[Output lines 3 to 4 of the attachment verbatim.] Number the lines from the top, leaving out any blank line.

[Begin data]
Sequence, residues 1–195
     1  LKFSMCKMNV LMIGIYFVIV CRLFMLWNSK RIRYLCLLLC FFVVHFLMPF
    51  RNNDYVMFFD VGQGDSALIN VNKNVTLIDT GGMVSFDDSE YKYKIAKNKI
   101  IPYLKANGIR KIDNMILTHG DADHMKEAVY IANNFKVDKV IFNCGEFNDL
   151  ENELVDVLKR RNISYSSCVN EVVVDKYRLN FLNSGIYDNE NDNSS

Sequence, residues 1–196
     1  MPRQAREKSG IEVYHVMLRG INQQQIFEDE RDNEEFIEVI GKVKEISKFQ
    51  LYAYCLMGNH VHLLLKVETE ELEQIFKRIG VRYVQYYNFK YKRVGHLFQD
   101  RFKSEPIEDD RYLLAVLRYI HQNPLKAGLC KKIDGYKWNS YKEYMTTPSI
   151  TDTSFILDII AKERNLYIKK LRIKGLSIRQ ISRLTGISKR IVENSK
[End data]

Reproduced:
    51  RNNDYVMFFD VGQGDSALIN VNKNVTLIDT GGMVSFDDSE YKYKIAKNKI
   101  IPYLKANGIR KIDNMILTHG DADHMKEAVY IANNFKVDKV IFNCGEFNDL